Also, let's not forget that single people, regardless of gender, make less much less overall than married people over their working lives. (singles do not get promoted into higher paying positions as much). I think that is a bigger issue than the gender gap. And the government supports this discrimination also.

  • Report this Comment On April 13, 2014, at 10:28 PM, jjdjdj wrote:

    The gender pay gap has been debunked to death..but lets say the White House was correct about a male why should I care? I don't see women fighting for the gender gaps in Selective Service,Prison Sentencing,Car Insurance,Health Care,Child and Divorce law etc etc...

  • Report this Comment On April 14, 2014, at 11:03 AM, pondee619 wrote:

    "Obama's press secretary noted that the White House numbers are skewed only because women tend to cluster in lower-level positions."

    " some analysts note that women gravitate toward careers in education and health care, which are lower paying than, say, construction and other jobs generally held by men"

    But, then, we are no longer talking about equal pay for EQUAL WORK, are we. If women "tend to cluster in lower-level positions" and "gravitate toward careers...which are lower paying" then it stands to reason that they would be paid less.

    This article does not address the EQUAL PAY FOR EQUAL WORK claim. It states that women tend toward lesser paying jobs and then is suprised that they are paid less.

  • Report this Comment On April 14, 2014, at 11:33 AM, StoneyTerp12 wrote:

    As a previous poster commented, this myth has been debunked thoroughly and conclusively. If there were truly a pay gap, why would a corporation ever hire a man when it could pay women 23 percent less for the same work?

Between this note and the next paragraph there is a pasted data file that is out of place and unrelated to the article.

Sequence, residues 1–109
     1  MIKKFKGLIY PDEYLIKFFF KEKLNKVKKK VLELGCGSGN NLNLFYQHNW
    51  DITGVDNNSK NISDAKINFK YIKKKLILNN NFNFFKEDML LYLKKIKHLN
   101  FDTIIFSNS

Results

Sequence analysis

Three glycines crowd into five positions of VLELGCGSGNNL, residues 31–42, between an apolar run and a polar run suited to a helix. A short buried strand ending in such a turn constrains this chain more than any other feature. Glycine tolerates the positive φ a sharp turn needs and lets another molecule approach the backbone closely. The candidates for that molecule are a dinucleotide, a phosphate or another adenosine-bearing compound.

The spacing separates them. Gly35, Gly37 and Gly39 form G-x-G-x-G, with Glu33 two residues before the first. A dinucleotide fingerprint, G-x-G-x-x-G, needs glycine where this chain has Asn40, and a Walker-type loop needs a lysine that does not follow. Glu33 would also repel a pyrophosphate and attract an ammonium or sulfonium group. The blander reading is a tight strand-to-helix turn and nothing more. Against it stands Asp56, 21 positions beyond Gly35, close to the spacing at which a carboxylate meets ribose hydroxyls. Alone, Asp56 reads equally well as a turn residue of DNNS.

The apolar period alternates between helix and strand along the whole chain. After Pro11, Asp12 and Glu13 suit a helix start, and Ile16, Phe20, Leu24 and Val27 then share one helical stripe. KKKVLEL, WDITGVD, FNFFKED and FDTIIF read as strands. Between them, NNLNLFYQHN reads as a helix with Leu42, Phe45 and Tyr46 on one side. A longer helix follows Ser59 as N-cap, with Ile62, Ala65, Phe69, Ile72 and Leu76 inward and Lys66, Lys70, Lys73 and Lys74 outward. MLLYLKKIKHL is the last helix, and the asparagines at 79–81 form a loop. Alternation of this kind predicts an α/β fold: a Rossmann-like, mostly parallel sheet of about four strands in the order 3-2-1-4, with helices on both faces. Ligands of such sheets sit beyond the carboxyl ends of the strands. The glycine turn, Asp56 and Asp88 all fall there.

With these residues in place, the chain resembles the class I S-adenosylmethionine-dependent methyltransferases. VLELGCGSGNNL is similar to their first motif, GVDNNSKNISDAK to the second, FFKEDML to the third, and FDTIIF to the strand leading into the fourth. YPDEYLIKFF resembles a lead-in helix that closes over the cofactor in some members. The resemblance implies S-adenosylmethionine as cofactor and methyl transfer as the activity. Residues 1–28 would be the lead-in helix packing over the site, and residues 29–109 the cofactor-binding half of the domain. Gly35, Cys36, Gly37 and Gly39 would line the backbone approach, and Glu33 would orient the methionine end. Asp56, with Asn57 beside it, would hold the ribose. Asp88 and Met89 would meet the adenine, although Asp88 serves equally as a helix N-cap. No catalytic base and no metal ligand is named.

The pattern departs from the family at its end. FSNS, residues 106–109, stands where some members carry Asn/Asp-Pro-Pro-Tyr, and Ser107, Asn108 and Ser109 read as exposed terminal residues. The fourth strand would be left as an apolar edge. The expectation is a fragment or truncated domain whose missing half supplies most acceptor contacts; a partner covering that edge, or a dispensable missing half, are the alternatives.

• Report this Comment On April 14, 2014, at 12:19 PM, aggie9711 wrote:

    It's sad the MF would post this as if it were gospel. Is Jay Carney ghostwriting for you guys now? The pay gap has been debunked at length by numerous studies. Most have found that men and women in the same field make substantially the same, accounting for length of service, position, seniority, education level, etc). And the remaining small difference can be attributed to numerous, non-discriminatory reasons (for example, women preferring a job with more flex time, or more non-cash benefits over salary). In fact, one study found that single women 22-32 make MORE on average than single men in the same age cohort.

  • Report this Comment On April 14, 2014, at 12:28 PM, miteycasey wrote:

    @aggie9711 The articles on MF have certainly become more slanted the last few months.

  • Report this Comment On April 14, 2014, at 1:08 PM, XXF wrote:

    @miteycasey I don't know how long you've been reading, but TMF has been slanted for as long as I can remember (registered 6 years ago, reader prior to that). Just make sure you get news from more than one source with different perspectives. Personally I read Fool, Forbes, and Fortune (owned by CNN), which give three pretty radically different views on any given issue.

  • Report this Comment On April 14, 2014, at 1:41 PM, BillFromNY wrote:

    I have in front of me the newsletter from my village high school. The school is rather typical for a white New York City suburb in Nassau County on the south shore of Long Island.

    The front page has a photo of the top 25 highest ranked academically accomplished students for 2014. Twenty of the 25 are women.

    Women now account for 60% of annual bachelor degrees awarded.

    Why not write an article on why men receive lower high school grades than women?